Friday, November 7, 2014

VIDEO National Adoption Month? The Lost Daughters #flipthescript

Headed by @mothermade, Lost Daughters is flipping the script with this awesome round table style video by Bryan Tucker.



Click here for the full length version and remember to share with the tags #NationalAdoptionMonth and #flipthescript.

Wednesday, September 17, 2014

PA, Adoptee Rights, and an Amended Bill--What now?

Photo (c) Julie Stromberg
On Tuesday, September 16, 2014, the Pennsylvania Senate Aging and Youth Committee held a voting hearing for HB 162.  As drafted, HB 162 would restore the right of PA-born adult adoptees, nineteen years or older, to access a copy of their original birth certificate (OBC) with the same regard under the law enjoyed by every other PA-born citizen.

When a child is adopted in the U.S., a amended birth record replaces their OBC that lists their adoptive parents as their biological parents.  In 48 states, the OBC is sealed.  Every single state has a law on the books providing for the release of the OBC to the adoptee at the discretion of a judge in addition to other avenues of access. However, only six states honor the right of adult adoptees to access their OBC with the same regard as all other people.

The history of how HB 162 came to be is peculiar. Until 1985, Pennsylvania was one of three states that allowed adoptees equal access to their OBCs.  Following the passing of Roe v. Wade, concerns arose in religious pro-life communities that adoptees accessing their OBCs would increase abortion rates. They first questioned the interpretation of the law. In 1978, the PA Attorney General issued an official statement identifying OBCs as separate from sealed adoption records and confirmed that Vital Statistics should continue to release OBCs to adult adoptees.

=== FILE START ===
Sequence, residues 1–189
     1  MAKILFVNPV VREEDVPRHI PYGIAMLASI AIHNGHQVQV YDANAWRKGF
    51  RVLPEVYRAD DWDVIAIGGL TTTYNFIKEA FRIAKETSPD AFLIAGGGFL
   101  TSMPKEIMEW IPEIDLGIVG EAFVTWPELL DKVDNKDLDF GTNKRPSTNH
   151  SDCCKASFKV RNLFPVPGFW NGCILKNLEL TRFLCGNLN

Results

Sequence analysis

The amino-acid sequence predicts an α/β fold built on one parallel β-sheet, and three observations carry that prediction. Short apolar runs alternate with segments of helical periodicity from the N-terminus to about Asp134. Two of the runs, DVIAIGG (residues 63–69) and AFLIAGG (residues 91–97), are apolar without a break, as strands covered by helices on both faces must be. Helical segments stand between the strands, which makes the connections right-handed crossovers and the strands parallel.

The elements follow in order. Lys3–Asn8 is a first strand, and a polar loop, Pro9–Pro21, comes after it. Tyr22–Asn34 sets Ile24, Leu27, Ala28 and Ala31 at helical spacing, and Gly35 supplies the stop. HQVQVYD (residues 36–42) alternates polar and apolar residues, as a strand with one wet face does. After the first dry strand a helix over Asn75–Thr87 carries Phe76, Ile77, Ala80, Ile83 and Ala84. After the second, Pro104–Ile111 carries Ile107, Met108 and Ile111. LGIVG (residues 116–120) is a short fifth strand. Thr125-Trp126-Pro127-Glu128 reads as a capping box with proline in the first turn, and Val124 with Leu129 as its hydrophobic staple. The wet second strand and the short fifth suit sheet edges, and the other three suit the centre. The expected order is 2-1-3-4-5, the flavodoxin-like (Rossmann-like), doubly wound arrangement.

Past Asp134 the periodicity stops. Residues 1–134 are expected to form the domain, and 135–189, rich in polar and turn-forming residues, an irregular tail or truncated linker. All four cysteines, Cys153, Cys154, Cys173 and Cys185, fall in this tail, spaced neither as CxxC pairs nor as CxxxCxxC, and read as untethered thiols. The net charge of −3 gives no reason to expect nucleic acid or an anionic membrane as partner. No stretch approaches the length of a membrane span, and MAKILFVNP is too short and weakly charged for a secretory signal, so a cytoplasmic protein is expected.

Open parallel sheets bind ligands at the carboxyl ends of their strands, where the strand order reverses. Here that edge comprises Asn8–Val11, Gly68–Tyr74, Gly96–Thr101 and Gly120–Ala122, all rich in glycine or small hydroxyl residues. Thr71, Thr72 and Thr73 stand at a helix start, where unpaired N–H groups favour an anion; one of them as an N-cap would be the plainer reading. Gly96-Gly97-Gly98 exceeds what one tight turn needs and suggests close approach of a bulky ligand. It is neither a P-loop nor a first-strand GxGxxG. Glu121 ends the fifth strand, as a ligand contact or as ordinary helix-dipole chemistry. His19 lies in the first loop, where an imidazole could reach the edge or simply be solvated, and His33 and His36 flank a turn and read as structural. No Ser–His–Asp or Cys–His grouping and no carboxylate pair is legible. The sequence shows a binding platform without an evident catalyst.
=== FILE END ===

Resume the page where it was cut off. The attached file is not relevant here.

Monday, July 28, 2014

Adoption and Fundraising: When Money to Breaks Down Systemic Barriers for Families

Aselefech runs for family preservation.
There are a number of factors behind why I was placed for adoption.  Economics by far is one of the most pervasive.  My narrative is one among countless that attest to the way in which economics constricts the choices families and parents have--to keep their children, to not experience the removal of their children, to not become pregnant if they do not wish to be.

I have been outspoken for the past five years against adoption fundraisers.  I have been asked countless times over the years to donate my written word or official endorsement to adoption fundraisers, and each time I have declined.  According to my mother's narrative, at the time she stepped off of the plane in her sister's home state where she would birth me, she owned just one change of clothes. It seems irreverent for the wealthy to exchange money for inspirational adoption t-shirts among themselves, too expensive for my own mother to have worn herself, to raise money to adopt her baby.

Hierarchies of power and privilege push impoverished children into orphanages and care and trap them there with their families on the outside looking in, the empty arms of biological families aching.  One adoption fee could vaccinate tens of thousands of children or fund an entire medical center for a village.  The average cost to adopt a newborn from a struggling parent could pay the TANF allowance of a family of four for three years.